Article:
Poop ticket

At a stop light in the middle of the night, I’ll always slow, look both ways, and if there’s no traffic I’ll run the red light. This wasn’t the middle of the night, though. It was 6:15 AM, the sun was up, and there was occasional cross-traffic … but I had to poop, and soon, so I took a chance, looked both ways and ran the light.

Midway through the intersection, I saw a cop car approaching from the other street. For them the light was green, so they knew it was red for me, and their flashing blues came on.

I pulled over, hoping this would be quick because like I said, I really had to poop. Being pulled over is never quick, though. The cops sat in the squad car, running my plates but probably also discussing donuts and football. The longer they dawdled, the more my sphincter and abdomen tightened, and the more I needed to let it all loose.

Loose is a key word, too — this wasn’t going to be time on the toilet spent straining and paining, it was going to be one of those poops where you try desperately to get your britches down before everything explodes.

While waiting and waiting, I turned off the ignition, rolled the window down, took the license from my wallet, proof-of-insurance from the glove box, concentrated on not pooping, and waited and waited more. When the driver-side cop finally stepped out of the black-and-white and very slowly walked toward my car, I was ready with what I wanted to say.

“Hey, Mister Officer,” I said, “I ran the light and deserve the ticket, no argument and I’ll sign anything. I did it because I live two blocks from here, and I am going to shit myself almost instantly if I don’t get to a toilet. Can you please please please follow me to my house, and write the ticket there while I run inside and poop?”

He looked at me stone-faced, and eventually, skeptically said, “Two blocks, eh?” Perhaps foolishly, I took that as permission, and started my engine. He didn’t say anything more, but he walked back to the police car. Once he’d settled himself behind the wheel, I pulled my car back onto the street, flipped on my hazard lights, and drove to my apartment, almost as slowly as he'd walked. Five miles an hour, max. Full stop at the one stop sign. Used my turn signals, though I suppose that wasn’t visible with my hazard lights blinking, too.

The cops followed with their flashing light flashing, but without a siren, and I appreciated that. At home I parked at curbside, hurried out of my car, pointed at the windshield (meaning, leave the ticket there), and waddled toward the door with small, short footsteps, because walking any faster would’ve squirted liquefeces into my pants.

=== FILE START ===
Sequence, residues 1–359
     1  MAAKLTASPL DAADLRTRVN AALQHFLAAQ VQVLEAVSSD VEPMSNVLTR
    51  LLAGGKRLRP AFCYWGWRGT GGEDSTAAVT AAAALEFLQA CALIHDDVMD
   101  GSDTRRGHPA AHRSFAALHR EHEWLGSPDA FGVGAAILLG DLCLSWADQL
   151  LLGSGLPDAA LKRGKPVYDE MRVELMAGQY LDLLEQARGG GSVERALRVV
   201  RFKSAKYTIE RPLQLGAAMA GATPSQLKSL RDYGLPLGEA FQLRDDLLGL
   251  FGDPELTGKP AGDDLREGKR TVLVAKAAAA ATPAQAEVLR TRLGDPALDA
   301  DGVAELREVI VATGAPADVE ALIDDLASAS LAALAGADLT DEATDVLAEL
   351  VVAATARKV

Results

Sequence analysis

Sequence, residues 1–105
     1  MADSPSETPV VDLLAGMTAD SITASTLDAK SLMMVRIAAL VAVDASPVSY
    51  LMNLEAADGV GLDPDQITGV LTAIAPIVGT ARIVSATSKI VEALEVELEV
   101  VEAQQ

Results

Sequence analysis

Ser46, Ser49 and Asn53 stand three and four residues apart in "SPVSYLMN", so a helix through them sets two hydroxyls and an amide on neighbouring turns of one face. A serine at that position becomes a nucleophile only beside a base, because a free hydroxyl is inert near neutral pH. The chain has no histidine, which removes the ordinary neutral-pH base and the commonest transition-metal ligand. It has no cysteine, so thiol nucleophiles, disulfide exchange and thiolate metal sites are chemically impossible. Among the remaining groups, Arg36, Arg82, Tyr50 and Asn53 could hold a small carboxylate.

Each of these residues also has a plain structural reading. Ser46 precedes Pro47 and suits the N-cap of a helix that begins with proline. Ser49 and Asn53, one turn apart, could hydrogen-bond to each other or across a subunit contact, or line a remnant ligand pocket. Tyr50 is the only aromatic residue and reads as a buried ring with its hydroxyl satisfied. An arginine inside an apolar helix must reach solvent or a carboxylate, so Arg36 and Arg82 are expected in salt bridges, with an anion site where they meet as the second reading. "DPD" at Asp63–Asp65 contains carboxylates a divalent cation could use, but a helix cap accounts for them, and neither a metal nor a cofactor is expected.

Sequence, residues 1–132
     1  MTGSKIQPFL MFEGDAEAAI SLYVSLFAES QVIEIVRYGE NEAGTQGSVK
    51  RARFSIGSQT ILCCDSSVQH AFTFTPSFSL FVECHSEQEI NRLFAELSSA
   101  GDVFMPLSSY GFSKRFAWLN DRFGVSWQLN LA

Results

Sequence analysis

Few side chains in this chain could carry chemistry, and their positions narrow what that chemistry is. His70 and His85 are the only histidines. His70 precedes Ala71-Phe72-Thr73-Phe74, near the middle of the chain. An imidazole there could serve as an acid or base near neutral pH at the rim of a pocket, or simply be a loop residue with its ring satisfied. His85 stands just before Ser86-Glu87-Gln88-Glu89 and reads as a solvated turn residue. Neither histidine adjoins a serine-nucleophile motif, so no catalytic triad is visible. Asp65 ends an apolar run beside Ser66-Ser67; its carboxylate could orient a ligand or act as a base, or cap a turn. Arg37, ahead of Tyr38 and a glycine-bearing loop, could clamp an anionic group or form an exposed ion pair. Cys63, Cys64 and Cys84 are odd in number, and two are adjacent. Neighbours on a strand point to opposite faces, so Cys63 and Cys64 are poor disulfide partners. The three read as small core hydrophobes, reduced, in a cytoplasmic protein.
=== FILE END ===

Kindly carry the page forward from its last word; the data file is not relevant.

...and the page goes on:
Three minutes later I returned with a huge smile, a cold soda in each hand, one for each cop, and traded the cans for a ticket, which I’ve never been happier to sign and pay. The fine was only twenty bucks. The police officers were polite, and the issuing officer’s sidekick seemed to be stifling giggles. 

Like most people aware of anything, the police worry me. No interactions with cops have turned out especially awful for me, but it happens. You know to move slowly, do as you're told, and hope for the best. That day, I lucked into a couple of cops in an understanding mood.

How many privilege cards was I playing, all at once? Old and gray-haired privilege was probably involved, as well as pudgy privilege, because even when I’m seated in a car, it’s obvious I’m no threat to anyone. And poop privilege, because we’ve all been there, even cops.

Mostly, though, and most obviously, it was white privilege that got me home unsoiled. If I'd been black, it's less likely I would've been allowed to drive off before signing a ticket. If I'd been a black man, dressed scruffy like I was, driving a rusted old Chevy with two years of highway grime on it and three left-wing bumper stickers? I'd know better than to even ask.



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  1. You say you never had a bad experienmce with police, and in this story the police are very nice. I don;'t understand why the animosity toward police?


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